Choose an 8X10 frame that has a fairly deep inset at the inner edge. This one cost $8.00 at Michael's. The edge is not too visible so I put the knife in there to try to show that this one is about 3/8" deep. That will give a nice depth for the water putty. Tape the edge to keep them clean. This frame had a fairly stiff back board so I glued that in place with some caulk. This also seals the edge to keep them dry in the next steps. This kind dries harder than silicon and hold the backer in place really well. Fill any holes made from the removal of the angled stand.
Since it is essentially cardboard I spread a very thin layer of the caulk to seal it so the water putty doesn't soak into the board and turn it into mush. Make sure to gets down into the where the frame and the backer board meet. again to keep a good seal to keep the backer dry.
Mix the water putty to the consistency of a thick milkshake. Stir is well be not to aggressively to keep the amount of air bubbles down. Pour this into the frame filling it all the way to the top edge. Tap the sides to get the air bubble to come up and to help level the surface. If need be take a straight edge and screed the top level.
Now it has to sit for a while and harden. You don't want it completely cured or you will understand the name of the product. This rested a little more than an hour. It is hard but not completely set and has a damp feel. It is just right when you do the next step and the surface spall's a little as you go. (That's when the surface of masonry flakes off)
Before the individual stones are scribed the surface of the stones needs to be added. I used a rock to make the impressions all over the surface. If the back board is not even with the back of the frame this will flex at this step and the putty will likely crack. I put a book that just fit in the space underneath for support so I could really crap up the surface.
With a straight edge, scribe all the courses first. The pattern I used is the most common for brick work called a running bond and is fairly easy to do. One even easier is called "Jack on Jack" which has the "mortar lines" in both directions running the length of the work. This is most commonly seen in something like bathroom tile. Each tile meets 3 others at any corner. Using a kind of a motion that feels like your hand is not steady as you scribe will help to give the uneven edge that is desirable. In the left photo oyu can see where some spots have the surface chipping off in little chunks. This can be controlled by how hard you scribe and if oyu kind of push to the side a bit as you scribe. If it's not there don't worry for now. Use a stiff brush clean off the loose stuff from the surface. You can make a lot of damage or none of you like.
Now scribe the individual stones. I marked off a bass wood strip with the width of each course and filled in every other space to use as a guide for cutting every other row. Scribe the row skipping one at a time them move the wood down and shift over one space. Scribe, moved down and shift back one space. Makes it real easy to keep things right. You can also "cut" any on the full size stones in a course into 2, sometimes 3, pieces. When these where put down there where odd sized stones that had to be used. The last thing to do is eyeball the whole thing and, using the scriber, chip up any edges that look to clean and straight.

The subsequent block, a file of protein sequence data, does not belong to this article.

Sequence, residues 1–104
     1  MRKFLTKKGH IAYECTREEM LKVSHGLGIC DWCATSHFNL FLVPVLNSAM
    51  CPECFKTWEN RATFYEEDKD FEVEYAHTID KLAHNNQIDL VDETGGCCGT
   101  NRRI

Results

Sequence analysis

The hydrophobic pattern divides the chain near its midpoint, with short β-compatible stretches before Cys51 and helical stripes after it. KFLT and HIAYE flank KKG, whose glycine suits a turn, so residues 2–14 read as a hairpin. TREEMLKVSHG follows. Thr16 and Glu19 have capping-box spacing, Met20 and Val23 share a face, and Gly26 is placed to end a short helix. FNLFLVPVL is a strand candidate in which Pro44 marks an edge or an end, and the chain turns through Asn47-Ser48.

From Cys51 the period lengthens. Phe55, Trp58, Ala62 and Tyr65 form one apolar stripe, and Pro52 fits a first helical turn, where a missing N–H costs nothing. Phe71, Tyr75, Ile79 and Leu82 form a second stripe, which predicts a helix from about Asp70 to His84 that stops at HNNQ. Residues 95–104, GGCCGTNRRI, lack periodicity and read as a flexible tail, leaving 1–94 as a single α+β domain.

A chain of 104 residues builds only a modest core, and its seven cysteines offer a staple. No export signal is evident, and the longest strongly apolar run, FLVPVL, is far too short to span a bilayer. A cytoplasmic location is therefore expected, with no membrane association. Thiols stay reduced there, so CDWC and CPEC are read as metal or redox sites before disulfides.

A pretty easy process to make some nice looking cobblestone pavement. You will need a picture frame, Durham's Rock Hard Water Putty, some scribes, a bass wood strip and a sturdy straight edge. I would imagine this can be done with Plaster of Paris as well. I like the water putty because as its name says, this stiff is rock hard when fully cured.
The painting steps are easier than you might think it looks. The 1st coat is overall Tamiya medium gray. 2nd is a very mottled spray of Tamiya dark gray over most of the surface. Leave some medium gray as is. Time to vary the colors of the stones. I found a photo online of some pavement that I liked to use as a guide. I started with the Vallejo flat earth mixed with water to a very thin consistency which was applied with a flat brush. The trick is to keep it thin so it just tints the stone. You don't want it too opaque. This thinned flat earth was then tinted on the palette with each of the other colors, saddle brown, black and red black to get the variation. Believe it or not one of the hardest parts was keeping it random. Let this dry in preparation for the next step.
Mix the raw sienna and raw umber at a 2:1 ratio. To make enough to cover this 8X10 piece it was about a 2' line of the raw sienna as squeezed from the tube and of course half that of the umber. Mix this well with some Japan Dryer to shorten drying time. With a stiff brush apply a thin coat to the entire surface then go back and work the color into all the nooks and crannies. Let that dry for about an hour.
Fold a paper towel into a pad and wipe the surface taking off as much paint as oyu can. Don't be too firm wth the pressue so you don't wear away the acrylica colors underneath. There will still be a lot of paint down in all the recesses. Take a clean stuff brush and go back and forth over the spaces between the stones. This will clean some of the excess of of the grove and spread it over the tops. Wipe the tops off again. Keep going until the groves and depressions are dark but not all gooey with paint. Make a clean pad of paper towel folding it so it tight so it is hard. Barely dampen it with white spirits and very lightly wipe the surface to the stones. Side aside to dry for a while. After a dry brush with white to hight the edges, a coat of flat varnish finishes it off.